Scraping the Barrel…. 23 July 2012

Turns out I wasn’t the only one baffled to come across a Kazakhstan special report by “the most trusted name in news” last week during my barrel-scraping duties. CNN’s “Eye On” series shed its spotlight on oil and mineral treasure trove Kazakhstan, yet wraps up its glossy images of the country’s new hydrocarbon purification plant, beaming images of state workers and references to ‘wise’ economic diversification plans with precious little mention of the Zhanaozhen riots  which have rocked the industry over the past year and murmurs of growing discontentHere, the beady-eyed correspondent from Eurasianet spots the logos of the state assets fund and President Nazarbayev’s economic forum hidden in the small print… “he who pays, picks the music”. Indeed.

An extractive industries summer school in Ghana has drawn attention to the uneven playing field encountered when under-resourced African governments come to negotiate complex oil contracts, faced with over-resourced teams of Big Oil lawyers. Oil booms in Ghana and other African producing countries won’t last forever and revenue capture is crucial to finance much-needed development before the fields run dry. Perhaps something radical is needed to tip the balance?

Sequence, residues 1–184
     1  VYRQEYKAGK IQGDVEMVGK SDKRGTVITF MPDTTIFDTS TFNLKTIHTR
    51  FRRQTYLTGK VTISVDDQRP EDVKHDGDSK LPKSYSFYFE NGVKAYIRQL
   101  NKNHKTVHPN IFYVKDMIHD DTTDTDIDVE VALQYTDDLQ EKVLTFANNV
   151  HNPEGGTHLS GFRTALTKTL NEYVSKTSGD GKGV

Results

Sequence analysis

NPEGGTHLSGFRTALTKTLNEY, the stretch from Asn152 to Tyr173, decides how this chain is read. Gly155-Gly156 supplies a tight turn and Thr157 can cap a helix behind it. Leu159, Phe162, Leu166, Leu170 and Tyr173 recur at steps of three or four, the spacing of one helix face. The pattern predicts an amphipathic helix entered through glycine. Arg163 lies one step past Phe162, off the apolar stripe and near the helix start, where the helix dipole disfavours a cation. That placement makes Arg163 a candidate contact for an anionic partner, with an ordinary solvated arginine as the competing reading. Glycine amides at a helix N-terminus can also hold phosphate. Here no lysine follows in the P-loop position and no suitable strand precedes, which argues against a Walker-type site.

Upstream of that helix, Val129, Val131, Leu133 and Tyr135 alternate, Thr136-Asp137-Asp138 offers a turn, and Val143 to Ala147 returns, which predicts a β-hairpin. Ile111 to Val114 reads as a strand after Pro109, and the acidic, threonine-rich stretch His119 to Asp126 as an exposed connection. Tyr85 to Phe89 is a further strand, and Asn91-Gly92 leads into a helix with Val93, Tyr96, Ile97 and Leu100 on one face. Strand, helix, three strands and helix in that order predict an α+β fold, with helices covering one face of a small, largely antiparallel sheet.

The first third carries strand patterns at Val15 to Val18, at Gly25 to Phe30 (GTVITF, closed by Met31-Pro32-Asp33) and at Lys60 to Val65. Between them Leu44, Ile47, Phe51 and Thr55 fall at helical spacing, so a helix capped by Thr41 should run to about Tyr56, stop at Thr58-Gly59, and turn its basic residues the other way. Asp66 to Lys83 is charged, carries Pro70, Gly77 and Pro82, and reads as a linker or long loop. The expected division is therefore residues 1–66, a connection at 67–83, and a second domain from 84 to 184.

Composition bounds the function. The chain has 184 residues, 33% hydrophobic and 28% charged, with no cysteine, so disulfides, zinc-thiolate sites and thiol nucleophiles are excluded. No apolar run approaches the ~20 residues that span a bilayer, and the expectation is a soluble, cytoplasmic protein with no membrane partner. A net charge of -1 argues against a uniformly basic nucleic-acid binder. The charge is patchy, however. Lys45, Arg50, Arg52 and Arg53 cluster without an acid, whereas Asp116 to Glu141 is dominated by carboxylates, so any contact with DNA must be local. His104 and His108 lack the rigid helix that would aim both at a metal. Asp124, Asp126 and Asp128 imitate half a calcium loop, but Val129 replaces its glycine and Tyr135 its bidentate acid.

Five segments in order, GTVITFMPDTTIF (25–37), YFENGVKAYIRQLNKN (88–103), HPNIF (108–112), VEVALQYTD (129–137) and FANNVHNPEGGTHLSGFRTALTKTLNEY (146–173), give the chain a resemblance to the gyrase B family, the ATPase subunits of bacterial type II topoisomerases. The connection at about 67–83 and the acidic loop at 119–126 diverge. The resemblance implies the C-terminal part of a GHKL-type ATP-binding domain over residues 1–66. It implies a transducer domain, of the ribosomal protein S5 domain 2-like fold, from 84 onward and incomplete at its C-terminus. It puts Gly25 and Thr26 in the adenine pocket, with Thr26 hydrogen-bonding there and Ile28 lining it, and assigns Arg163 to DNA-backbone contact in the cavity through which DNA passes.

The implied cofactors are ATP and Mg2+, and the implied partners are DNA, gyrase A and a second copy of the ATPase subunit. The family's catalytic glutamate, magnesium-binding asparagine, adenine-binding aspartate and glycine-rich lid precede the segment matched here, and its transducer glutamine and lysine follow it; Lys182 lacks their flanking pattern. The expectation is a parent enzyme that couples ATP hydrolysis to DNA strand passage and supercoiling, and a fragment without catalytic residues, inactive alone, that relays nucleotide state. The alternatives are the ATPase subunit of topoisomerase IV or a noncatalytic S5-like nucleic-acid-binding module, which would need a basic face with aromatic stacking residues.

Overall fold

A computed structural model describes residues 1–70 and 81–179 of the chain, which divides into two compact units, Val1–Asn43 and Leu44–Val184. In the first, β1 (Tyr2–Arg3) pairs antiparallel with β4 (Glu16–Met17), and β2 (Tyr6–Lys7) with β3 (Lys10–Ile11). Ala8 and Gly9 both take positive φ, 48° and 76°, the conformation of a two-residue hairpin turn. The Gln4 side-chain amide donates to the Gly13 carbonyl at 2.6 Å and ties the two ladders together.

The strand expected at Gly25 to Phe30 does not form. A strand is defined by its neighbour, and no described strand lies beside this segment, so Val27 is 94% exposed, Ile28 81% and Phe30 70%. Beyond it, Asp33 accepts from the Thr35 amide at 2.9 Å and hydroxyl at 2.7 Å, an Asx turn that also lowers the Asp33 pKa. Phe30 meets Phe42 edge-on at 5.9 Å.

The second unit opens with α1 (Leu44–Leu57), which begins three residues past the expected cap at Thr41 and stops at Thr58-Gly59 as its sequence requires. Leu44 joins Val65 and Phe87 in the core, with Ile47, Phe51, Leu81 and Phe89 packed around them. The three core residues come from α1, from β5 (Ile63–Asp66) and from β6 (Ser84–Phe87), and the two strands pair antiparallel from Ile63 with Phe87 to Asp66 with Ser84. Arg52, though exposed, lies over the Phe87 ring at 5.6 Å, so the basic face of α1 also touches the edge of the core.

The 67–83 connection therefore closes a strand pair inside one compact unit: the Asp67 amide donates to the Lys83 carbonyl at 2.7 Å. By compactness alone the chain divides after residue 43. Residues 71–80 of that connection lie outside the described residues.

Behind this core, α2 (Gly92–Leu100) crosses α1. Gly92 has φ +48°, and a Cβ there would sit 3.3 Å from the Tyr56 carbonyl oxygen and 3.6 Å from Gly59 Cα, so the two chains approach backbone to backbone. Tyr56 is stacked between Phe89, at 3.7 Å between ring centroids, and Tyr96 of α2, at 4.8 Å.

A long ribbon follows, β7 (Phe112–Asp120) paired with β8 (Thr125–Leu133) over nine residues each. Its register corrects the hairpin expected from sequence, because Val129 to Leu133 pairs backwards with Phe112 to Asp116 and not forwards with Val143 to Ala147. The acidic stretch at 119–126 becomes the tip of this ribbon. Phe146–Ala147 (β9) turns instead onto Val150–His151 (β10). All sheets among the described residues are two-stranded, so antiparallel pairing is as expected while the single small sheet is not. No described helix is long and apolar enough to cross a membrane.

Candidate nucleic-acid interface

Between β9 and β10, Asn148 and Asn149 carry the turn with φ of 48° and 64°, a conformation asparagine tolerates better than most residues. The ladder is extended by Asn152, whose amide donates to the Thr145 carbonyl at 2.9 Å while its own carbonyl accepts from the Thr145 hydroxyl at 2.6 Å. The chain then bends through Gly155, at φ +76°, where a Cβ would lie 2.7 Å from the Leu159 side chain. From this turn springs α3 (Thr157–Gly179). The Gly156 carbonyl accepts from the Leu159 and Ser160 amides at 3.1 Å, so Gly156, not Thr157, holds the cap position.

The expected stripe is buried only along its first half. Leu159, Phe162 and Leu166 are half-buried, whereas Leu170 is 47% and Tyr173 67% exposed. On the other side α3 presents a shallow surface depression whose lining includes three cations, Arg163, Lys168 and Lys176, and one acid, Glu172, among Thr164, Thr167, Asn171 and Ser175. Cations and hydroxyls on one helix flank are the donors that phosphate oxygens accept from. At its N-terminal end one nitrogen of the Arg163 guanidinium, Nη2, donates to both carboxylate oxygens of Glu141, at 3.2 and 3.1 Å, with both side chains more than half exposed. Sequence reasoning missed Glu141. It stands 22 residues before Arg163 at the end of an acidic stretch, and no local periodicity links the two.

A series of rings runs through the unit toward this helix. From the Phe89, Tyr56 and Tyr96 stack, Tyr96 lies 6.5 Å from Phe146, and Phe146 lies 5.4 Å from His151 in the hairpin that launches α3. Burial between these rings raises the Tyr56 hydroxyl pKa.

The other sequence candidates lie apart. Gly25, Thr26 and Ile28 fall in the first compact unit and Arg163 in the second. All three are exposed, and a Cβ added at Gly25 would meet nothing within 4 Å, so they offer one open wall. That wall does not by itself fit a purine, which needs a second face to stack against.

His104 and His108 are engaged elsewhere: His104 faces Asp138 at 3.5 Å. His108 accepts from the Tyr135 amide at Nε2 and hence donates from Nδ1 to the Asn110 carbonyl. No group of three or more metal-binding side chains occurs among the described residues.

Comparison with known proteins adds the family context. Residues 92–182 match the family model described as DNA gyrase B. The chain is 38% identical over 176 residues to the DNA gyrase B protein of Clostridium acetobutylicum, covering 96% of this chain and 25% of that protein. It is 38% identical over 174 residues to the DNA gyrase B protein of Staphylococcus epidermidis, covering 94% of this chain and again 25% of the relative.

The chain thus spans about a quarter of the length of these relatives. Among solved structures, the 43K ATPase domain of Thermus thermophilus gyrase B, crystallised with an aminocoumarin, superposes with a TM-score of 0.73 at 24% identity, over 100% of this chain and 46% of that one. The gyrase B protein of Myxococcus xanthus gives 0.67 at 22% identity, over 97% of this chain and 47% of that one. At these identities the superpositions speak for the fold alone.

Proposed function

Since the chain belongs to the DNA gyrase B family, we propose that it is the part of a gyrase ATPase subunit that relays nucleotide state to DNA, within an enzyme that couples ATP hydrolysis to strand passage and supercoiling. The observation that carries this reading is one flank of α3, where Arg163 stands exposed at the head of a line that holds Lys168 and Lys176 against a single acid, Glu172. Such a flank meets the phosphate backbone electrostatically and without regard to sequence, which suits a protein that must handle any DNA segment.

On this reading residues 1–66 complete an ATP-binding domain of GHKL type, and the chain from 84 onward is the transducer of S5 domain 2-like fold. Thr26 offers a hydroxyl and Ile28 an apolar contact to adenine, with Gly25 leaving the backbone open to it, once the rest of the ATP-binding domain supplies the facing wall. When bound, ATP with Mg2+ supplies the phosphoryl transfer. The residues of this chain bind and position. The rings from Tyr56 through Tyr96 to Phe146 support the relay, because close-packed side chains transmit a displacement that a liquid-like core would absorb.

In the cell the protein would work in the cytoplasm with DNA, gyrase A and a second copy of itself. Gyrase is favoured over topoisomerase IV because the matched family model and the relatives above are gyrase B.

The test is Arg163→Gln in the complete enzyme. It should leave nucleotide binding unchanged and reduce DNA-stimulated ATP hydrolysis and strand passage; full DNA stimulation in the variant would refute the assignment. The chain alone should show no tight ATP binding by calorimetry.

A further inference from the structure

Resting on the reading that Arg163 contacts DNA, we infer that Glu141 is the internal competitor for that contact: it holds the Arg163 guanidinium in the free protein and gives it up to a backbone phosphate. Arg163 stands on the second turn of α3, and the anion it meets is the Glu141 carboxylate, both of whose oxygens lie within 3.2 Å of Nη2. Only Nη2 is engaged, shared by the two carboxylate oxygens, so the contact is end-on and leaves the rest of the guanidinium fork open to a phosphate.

Justin Welby. One of the front runners to be next Bishop of Canterbury, Mr Bean look-alike, self-described as “one of the thicker bishops in the Church of England” and, until his ordination in 1992, a senior executive in the oil industry for over a decade, including a stint in the messy Niger Delta. Once upon a time, he would answer questions over what an ethical oil exec would look like with a terse  “someone who doesn’t fiddle their expenses and sleep with their secretary”. But in this interview he offers a slightly more nuanced take on the loaded and very current question of corporate sin, in the oil industry and beyond.

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